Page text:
Henry L. Pierce Laboratory Seminar Series

Wednesday, March 22, 2017 - 16:00 to 17:00

This talk presents inference, control, and game-theoretic algorithms developed to improve traffic flow in transportation networks. First,
traffic estimation algorithms using crowd-sourced mobile data will be presented. These rely on applications of convex optimization to
inverse modeling problems involving partial differential equations (PDEs). The implementation of these algorithms on mobile phones increase the accuracy of traffic information. Second, the talk presents
algorithms to control transportation infrastructure assets (metering lights, traffic lights in the arterial networks, variable speed limits etc.). These algorithms rely on adjoint-based optimization of PDEs in discretized form. Finally, we investigate disruptions in demand due to the rapid expansion of the use of ??????selfish routing?????? apps. These disruptions cause congestion and make traditional approaches of traffic management less effective. Game theoretic approaches to demand modeling will be presented. These models encompass heterogeneous users (some using routing information, some not) that share the same network and compete for the same commodity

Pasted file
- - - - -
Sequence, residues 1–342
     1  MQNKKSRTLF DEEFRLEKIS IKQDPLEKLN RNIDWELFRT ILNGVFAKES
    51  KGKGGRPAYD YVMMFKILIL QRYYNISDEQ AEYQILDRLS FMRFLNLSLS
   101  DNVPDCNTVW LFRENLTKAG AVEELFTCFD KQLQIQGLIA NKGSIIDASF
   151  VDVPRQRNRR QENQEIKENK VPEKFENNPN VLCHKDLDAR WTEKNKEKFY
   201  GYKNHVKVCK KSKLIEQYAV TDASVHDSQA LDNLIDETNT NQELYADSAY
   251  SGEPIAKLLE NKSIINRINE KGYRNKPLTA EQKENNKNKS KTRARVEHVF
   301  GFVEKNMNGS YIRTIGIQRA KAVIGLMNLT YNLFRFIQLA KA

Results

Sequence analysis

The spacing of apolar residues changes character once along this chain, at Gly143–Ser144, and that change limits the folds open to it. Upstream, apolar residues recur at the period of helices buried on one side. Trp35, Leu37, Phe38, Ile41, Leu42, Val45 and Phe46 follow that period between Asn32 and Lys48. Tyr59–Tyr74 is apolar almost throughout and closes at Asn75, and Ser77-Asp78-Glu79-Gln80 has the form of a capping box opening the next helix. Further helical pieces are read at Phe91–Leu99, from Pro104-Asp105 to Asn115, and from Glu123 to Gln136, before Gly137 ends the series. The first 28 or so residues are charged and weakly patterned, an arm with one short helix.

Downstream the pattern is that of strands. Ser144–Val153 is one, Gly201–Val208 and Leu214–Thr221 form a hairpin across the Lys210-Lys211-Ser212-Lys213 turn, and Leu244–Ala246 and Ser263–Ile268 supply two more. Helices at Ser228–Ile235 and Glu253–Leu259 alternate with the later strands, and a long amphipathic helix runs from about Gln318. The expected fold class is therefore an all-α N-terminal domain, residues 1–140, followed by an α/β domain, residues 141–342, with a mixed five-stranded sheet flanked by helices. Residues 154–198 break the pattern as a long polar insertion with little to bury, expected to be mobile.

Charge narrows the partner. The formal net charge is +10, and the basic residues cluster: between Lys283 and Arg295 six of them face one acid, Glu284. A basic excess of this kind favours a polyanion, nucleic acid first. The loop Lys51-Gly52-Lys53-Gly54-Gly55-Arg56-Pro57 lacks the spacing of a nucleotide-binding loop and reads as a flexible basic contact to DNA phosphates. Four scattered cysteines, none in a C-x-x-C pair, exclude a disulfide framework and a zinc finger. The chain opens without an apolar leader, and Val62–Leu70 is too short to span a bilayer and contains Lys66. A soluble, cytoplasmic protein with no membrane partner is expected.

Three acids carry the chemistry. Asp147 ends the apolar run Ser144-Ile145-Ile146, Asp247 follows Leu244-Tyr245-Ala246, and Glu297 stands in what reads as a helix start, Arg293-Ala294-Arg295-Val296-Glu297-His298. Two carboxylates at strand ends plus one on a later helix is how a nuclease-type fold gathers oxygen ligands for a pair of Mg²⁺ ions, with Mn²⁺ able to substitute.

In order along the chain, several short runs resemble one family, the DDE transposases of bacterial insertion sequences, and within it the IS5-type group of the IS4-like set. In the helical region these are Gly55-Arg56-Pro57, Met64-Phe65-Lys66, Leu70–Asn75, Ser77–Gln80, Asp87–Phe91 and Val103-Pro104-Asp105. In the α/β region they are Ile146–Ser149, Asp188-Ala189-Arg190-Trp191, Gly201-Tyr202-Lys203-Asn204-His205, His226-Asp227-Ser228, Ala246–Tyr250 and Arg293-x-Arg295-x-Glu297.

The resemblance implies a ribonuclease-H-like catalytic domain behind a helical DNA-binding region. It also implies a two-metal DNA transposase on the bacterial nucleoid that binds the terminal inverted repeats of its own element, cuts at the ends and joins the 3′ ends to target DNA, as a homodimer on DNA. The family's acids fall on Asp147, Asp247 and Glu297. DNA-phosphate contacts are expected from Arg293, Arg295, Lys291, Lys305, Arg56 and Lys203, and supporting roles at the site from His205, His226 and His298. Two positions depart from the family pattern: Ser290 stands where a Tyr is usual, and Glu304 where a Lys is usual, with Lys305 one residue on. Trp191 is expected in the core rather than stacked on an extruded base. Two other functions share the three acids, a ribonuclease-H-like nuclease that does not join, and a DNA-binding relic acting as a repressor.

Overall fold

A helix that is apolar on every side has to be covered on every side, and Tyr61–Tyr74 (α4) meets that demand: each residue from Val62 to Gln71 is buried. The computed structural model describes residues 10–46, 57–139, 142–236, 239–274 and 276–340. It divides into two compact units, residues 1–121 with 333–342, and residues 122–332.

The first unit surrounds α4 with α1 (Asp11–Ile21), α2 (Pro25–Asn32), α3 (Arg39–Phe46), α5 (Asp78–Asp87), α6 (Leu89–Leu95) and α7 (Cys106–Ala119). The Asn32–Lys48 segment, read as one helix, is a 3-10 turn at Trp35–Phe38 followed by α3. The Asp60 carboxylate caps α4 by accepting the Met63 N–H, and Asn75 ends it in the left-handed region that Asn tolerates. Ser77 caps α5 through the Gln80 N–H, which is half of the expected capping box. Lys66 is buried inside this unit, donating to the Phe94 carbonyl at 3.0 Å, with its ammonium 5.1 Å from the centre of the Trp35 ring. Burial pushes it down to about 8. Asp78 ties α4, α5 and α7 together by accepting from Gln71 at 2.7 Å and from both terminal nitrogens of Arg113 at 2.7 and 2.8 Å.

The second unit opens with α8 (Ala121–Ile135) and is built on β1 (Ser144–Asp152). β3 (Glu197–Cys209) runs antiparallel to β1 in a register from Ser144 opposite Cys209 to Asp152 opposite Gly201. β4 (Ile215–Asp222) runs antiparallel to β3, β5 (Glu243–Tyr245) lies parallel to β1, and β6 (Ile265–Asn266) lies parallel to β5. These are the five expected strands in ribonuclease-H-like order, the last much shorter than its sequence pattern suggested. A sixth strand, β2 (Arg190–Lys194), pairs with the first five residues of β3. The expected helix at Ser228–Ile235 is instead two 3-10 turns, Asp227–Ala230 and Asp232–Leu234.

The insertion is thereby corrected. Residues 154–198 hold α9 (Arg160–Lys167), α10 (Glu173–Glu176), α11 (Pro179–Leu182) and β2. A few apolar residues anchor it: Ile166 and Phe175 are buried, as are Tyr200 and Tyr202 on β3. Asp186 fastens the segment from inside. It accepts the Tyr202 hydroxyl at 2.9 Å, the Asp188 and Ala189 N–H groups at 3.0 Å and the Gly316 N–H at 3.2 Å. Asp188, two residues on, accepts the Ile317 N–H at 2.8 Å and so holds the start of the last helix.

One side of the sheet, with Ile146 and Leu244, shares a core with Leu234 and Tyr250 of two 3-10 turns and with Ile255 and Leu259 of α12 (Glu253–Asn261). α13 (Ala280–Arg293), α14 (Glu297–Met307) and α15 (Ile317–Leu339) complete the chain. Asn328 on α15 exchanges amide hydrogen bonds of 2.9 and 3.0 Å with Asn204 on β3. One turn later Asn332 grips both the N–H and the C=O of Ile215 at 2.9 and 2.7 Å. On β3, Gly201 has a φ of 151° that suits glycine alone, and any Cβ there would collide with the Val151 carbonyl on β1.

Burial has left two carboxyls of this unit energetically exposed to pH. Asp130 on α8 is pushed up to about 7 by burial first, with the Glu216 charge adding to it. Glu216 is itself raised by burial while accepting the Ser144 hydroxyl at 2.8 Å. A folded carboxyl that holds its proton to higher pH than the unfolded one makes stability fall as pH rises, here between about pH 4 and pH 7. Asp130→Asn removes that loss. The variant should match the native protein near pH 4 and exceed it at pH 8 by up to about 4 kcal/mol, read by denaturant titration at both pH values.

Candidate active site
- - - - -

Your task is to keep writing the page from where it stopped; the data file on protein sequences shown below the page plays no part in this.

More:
(capacity). Results will be presented for static loading, based on Nash-Stackelberg games, and in the context of repeated games, to account for the fact that routing algorithms learn the dynamics of the system over time when users change their behavior.

Presented by

Professor Alexandre Bayen, Electrical Engineering and Computer Science and Civil and Environmental Engineering, UC Berkeley
Location: 1-131


Latoya Oliver

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